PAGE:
machu picchu

One of Earth’s most magical spots is Machu Picchu. Photo: Getty Images)

Culture + Style

6 Sacred Sites and How to Responsibly Visit Them

When traveling, the number one rule is to be respectful of the local culture, and visiting sacred sites that hold significance to Indigenous people fosters an understanding of traditions and history that goes deeper than standard history books.

But one must tread lightly when doing so: Often these sites are not owned by the Indigenous peoples themselves. Avoid disrespecting a culture by disobeying rules and restrictions.

Here are six sacred sites around the world and ways to make sure that you’re visiting each site in a responsible and respectful manner.

As always, check for travel restrictions and closures before planning your trip.

Machu Picchu, Peru

Considered one of the new Seven Wonders of the World, Machu Picchu is believed to either have been a royal estate or a sacred religious site for the Incas before it was abandoned in the 16th century.

Dubbed the “Lost City” (though local families in the region knew of its existence), Machu Picchu was rediscovered by American archaeologist Hiram Bingham in 1911. Since then, this jungle-covered ruin attracts thousands of people each day, all hoping to experience the mystique surrounding the ruins.

Because it’s a bucket list destination, overtourism is a major problem. The Peruvian government is trying to regulate visits to the site with new rules, and visitors must be part of a tour when they visit. Travelers can book a tour from Yachay Wasi, led by descendants of the Incas, to get an Indigenous perspective of the site.

Devils Tower (Bear Lodge), Wyoming

devils tower
Feel the energy at Devil’s Tower. (Photo: Getty Images)

Long before it was America’s first national park, Devils Tower, or Bear Lodge, was the sacred place of worship for many tribes in the Great Plains and Black Hills. This towering granite rock rises 1,267 feet above northeastern Wyoming, and along with the Belle Fourche River, is steeped in Native American lore.

According to one legend, a giant bear clawed the mountainside while chasing several young maidens up the rock, leaving the remarkable formation in its wake. Since many of the tribes still visit the monument to perform ceremonial rituals, guests are asked not to touch any of the religious paraphernalia that has been left behind.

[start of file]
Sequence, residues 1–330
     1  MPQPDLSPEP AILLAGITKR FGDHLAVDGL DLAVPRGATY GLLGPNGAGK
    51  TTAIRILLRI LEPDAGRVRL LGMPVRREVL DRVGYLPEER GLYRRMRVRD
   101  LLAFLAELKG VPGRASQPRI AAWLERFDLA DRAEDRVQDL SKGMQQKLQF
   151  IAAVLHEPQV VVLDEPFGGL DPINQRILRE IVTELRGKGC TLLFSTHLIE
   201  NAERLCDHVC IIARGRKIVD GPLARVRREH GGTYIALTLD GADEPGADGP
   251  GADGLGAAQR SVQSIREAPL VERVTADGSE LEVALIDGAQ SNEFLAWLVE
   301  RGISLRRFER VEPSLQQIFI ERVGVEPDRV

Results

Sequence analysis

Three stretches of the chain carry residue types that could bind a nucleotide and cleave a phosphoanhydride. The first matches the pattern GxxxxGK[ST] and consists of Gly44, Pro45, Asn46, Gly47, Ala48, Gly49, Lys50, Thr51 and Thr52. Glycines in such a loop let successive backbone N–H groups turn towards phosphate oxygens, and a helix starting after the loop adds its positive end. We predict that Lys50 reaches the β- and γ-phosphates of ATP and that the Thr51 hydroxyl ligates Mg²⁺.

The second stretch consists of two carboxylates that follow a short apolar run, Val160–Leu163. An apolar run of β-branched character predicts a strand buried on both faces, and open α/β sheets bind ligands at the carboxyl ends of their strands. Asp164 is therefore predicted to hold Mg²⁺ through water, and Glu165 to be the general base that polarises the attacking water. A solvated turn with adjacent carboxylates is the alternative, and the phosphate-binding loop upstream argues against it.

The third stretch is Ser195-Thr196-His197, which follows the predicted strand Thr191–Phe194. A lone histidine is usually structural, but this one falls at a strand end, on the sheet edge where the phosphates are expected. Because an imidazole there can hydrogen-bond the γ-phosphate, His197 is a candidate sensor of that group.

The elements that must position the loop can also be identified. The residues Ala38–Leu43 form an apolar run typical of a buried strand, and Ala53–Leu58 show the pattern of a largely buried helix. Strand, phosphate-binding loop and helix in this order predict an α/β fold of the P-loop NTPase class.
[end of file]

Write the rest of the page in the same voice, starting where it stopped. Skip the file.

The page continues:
Uluru, Australia

Uluru, or Ayers Rock, is one of Australia’s most awe-inspiring attractions. Known as the heart of the “Red Centre,” it has been jointly managed by the Aboriginal Anangu people and the Australian Government since 1985, when Uluru-Kata Tjuta National Park was handed back to the Anangu, the land’s traditional owners.

This looming red rock has been a sacred spot for the Anangu for at least 30,000 years and is marked by spiritual sites and cave paintings that tell the history of their ancestors.

No longer allowed to climb the sacred rock, visitors are instead advised to walk around the base, out of respect and to preserve its surface. Explore every nook and cranny and take photos, just be mindful not to enter any restricted areas nor photograph ceremonial sites or burial grounds.

Cenote Sagrado, Mexico

cenote in mexico
Pay a visit to a cenote in Mexico. (Photo: Getty Images)

Located just a short walk from the pre-Columbian Mayan archaeological site of Chichen Itza, Cenote Sagrado is a freshwater sinkhole with deep spiritual importance to the ancient Maya.

The cenote served as a pilgrimage site, and the ancient Maya threw trinkets like gold, shells and jade into the water. They also performed human sacrifices to please the rain god, Chaac. Although many of the cenotes around Mexico are perfect places for a quick dip, swimming is not permitted at Sagrado.

Keahiakawelo, Hawaii

Keahiakawelo, or the Garden of the Gods, is a rock garden known for its Mars-like surface — red, orange and ochre-colored boulders lie scattered around rugged terrain. According to one Hawaiian legend, this landscape is the result of a contest between two priests from Lanai and Molokai who challenged each other to see who could burn a fire the longest on their respective island, resulting it its scorched appearance.

However the rock garden came to exist, it’s an exceptional location to visit. Though you might be tempted to stack rocks or to take one home as a souvenir, don’t do it — both actions are forbidden.

Kakadu National Park, Australia

Kakadu National Park in Australia’s Northern Territory is a popular nature reserve, as well as home to one of the oldest communities of Indigenous people on the planet, who date back more than 40,000 years.

While there’s an opportunity to explore these wonderful wetlands full of birds, waterfalls and crocodiles, visitors can also meet local Aboriginal people — the Bininj/Mungguy — to learn about their customs and culture.

Better yet, book a cultural tour like the Animal Tracks Safari, which immerses its guests in authentic Aboriginal bush life for a few hours.